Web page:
WASHINGTON - Justice Department officials, a spokesman for New Mexico Gov. Bill Richardson, and representatives of President-elect Barack Obama yesterday declined to comment on reports that a federal grand jury in Albuquerque is investigating whether swap adviser CDR Financial Products Inc. made payments to political action committees run by Richardson in exchange for state municipal derivatives business.
The grand jury probe involving contributions to PACs of Richardson, Obama's nominee to head the Commerce Department, was first reported by Bloomberg News and comes amid a federal investigation of alleged bid-rigging, price-fixing, and other practices in the municipal market that violate antitrust laws.
The probe has been ongoing since at least the fall of 2006 and involves dozens of banks, investment banks, advisory firms, and individuals.
In New Mexico, the grand jury is focusing on the $1.5 million in fees CDR received from the New Mexico Finance Authority in 2004 after the firm and its president, David Rubin, contributed about $100,000 to PACs run by Richardson.
"The department doesn't talk about these kinds of investigations, even whether they exist or not," said Norman Cairns, a spokesman for Gregory J. Fouratt, the U.S. attorney for New Mexico.
CDR was swap adviser on derivatives issued in conjunction with a $1.6 billion bond transaction that was sold in two phases. First Southwest Co. was a financial adviser for the bond deal.
The first phase, a $1.1 billion transportation revenue bond portion sold in April 2004, was the largest offering ever sold in that state and won The Bond Buyer's honorable mention for Southwest Regional Deal of the Year. The deal, which helped finance an ambitious transportation program, was dubbed Governor Richardson's Investment Partnership, or GRIP.
Richardson yesterday was aboard the inaugural run of the Rail Runner Express commuter train that runs from Bernalillo County, which includes Albuquerque, to the capital of Santa Fe.
Rail Runner was part of the GRIP bond program and was frequently criticized by lawmakers for its cost overruns. A spokesman traveling with the governor declined to comment on the allegations.
The New Mexico Finance Authority, which jointly issued the bonds with the New Mexico Department of Transportation, declined to comment. Officials referred to a press release dated Aug. 29 - but not publicly available on the NMFA Web site - that said the authority "is cooperating fully with federal authorities in their investigation of CDR."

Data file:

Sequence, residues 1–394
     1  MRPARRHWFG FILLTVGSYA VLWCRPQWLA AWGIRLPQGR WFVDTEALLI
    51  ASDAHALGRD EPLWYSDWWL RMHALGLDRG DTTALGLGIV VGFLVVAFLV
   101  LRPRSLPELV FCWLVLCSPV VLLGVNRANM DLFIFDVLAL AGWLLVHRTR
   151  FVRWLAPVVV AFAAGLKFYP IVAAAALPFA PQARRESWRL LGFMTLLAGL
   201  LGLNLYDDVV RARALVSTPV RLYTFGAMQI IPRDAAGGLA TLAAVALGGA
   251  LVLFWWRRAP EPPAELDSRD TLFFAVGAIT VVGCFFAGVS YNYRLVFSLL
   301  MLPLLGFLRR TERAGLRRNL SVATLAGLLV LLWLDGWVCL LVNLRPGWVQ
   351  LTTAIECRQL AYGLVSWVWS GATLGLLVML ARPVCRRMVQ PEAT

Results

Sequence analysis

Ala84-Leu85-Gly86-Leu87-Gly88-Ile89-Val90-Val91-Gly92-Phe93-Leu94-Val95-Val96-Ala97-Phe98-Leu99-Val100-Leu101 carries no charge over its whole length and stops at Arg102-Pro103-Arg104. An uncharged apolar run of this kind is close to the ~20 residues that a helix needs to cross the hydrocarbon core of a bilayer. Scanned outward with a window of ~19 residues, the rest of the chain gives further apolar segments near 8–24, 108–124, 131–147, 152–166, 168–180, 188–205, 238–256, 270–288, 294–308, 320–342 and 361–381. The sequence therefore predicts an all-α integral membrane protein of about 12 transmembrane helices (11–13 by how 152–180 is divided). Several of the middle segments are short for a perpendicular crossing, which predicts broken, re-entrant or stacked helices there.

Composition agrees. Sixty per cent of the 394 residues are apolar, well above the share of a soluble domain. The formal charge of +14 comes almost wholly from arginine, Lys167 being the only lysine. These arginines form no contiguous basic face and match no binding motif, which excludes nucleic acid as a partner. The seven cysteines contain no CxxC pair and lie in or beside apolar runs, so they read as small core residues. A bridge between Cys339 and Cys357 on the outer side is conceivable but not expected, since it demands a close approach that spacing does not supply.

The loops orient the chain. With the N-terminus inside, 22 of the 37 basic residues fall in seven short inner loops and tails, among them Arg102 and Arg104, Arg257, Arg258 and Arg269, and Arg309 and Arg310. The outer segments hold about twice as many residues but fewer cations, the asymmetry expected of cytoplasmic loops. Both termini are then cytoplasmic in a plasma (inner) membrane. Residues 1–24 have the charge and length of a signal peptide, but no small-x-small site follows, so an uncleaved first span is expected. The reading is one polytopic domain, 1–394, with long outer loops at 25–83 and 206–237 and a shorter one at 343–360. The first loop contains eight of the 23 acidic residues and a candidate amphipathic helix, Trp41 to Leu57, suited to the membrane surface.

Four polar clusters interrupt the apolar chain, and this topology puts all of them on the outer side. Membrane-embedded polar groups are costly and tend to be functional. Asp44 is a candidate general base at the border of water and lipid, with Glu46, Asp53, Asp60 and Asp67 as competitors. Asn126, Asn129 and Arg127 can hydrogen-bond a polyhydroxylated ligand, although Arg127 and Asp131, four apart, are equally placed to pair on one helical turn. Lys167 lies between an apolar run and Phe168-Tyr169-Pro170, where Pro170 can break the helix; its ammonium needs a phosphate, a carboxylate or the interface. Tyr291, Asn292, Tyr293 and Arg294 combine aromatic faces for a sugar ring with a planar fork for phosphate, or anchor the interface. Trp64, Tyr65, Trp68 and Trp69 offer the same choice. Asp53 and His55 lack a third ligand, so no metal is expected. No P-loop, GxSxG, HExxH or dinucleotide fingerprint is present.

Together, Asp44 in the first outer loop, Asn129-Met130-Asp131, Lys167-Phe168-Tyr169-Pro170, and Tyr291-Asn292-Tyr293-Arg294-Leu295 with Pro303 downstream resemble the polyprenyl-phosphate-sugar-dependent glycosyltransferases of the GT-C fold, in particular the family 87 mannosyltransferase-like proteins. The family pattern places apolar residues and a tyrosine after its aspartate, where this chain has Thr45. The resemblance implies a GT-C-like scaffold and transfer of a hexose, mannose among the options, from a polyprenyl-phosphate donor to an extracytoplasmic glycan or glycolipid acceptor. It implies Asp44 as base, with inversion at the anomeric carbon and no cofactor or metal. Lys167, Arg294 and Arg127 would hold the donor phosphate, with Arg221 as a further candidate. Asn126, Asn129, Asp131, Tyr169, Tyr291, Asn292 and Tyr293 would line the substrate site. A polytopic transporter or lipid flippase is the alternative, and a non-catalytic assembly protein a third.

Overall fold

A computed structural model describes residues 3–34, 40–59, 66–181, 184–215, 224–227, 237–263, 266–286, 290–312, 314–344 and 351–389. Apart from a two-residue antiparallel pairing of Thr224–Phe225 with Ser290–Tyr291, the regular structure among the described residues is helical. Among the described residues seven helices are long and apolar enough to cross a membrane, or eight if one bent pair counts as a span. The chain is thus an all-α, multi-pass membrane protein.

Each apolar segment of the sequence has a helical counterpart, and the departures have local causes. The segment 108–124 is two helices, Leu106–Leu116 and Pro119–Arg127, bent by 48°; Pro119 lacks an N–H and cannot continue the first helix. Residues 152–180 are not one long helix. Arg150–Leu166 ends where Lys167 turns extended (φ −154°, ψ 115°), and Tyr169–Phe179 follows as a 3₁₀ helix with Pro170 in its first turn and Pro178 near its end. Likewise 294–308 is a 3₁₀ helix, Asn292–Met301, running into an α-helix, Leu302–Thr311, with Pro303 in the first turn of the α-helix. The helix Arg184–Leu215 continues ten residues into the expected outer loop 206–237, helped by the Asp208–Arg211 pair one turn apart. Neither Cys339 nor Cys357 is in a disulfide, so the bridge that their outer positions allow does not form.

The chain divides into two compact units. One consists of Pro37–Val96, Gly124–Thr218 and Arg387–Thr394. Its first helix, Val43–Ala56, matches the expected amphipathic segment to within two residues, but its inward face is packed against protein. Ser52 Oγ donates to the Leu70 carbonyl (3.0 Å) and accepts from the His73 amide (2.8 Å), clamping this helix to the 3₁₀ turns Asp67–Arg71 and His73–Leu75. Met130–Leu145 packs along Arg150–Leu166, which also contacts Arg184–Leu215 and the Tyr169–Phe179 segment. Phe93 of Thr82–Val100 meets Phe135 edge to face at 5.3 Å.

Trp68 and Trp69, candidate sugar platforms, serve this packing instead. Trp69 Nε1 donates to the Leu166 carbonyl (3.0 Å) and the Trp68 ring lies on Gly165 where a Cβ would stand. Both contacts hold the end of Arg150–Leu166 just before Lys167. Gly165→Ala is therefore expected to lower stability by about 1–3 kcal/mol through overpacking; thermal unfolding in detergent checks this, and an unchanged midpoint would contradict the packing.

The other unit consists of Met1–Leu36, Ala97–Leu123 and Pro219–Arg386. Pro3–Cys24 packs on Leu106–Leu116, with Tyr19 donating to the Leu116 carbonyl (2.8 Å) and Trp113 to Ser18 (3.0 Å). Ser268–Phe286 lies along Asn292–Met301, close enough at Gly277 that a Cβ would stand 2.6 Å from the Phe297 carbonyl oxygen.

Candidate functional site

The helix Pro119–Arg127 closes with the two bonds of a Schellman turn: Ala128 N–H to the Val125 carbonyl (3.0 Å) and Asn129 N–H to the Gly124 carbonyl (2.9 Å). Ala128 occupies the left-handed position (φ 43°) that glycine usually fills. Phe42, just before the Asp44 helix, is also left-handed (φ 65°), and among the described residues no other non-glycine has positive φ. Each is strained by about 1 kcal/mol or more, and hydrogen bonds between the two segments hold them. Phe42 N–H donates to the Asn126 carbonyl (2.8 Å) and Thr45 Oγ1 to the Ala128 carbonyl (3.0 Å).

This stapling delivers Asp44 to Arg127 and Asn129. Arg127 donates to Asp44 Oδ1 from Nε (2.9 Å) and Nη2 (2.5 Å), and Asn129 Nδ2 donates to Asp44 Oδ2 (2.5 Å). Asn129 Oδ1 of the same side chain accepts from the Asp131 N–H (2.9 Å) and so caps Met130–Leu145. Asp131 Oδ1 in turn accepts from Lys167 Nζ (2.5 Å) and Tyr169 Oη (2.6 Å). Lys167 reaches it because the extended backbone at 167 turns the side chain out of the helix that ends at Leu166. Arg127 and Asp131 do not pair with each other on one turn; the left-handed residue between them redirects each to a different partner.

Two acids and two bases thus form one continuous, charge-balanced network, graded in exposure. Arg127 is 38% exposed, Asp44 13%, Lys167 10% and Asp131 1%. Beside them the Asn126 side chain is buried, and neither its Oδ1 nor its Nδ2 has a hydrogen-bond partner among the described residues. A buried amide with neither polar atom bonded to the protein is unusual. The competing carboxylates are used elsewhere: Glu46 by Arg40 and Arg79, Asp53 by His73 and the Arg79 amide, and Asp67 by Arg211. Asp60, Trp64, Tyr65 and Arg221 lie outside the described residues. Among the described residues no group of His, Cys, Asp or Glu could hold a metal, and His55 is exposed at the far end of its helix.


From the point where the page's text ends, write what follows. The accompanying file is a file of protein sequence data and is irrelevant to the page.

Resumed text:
"At this time, NMFA believes its resources are best applied in fulfilling its agreement to cooperate with federal authorities," the statement said. "The NMFA will make no further comment pending the completion of this investigation as it does not want to compromise or impede the investigation in any manner."
The grand jury comes after the Federal Bureau of Investigation raided CDR's Beverly Hills, Calif.-headquarters in November 2006, along with the offices of two other investment advisory firms - Investment Management Advisory Group Inc. in Pottstown, Pa., and Sound Capital Management Inc. in Eden Prairie, Minn.
Bloomberg reported that in October 2003, CDR president David Rubin gave $25,000 to Moving America Forward Inc., a political action committee formed by Richardson. Seven months later, CDR, known then as Chambers, Dunhill, Rubin & Co., gave $75,000 to Â¡Si Se Puede! Boston 2004 Inc., formed to help pay expenses at the 2004 Democratic National Convention in Boston and that was chaired by Richardson.
Though the GRIP bonds were authorized during the 2003 legislative session and structured by First Southwest during the beginning of 2004, CDR was not added as a swap adviser until sometime in the spring, a source said yesterday.
CDR spokesman Allan Ripp declined to comment on the news of a grand jury but said the firm went through the normal request for proposal process on the transaction, splitting advisory fees with First Southwest, which declined to comment. Obama's representatives would not return calls or e-mails.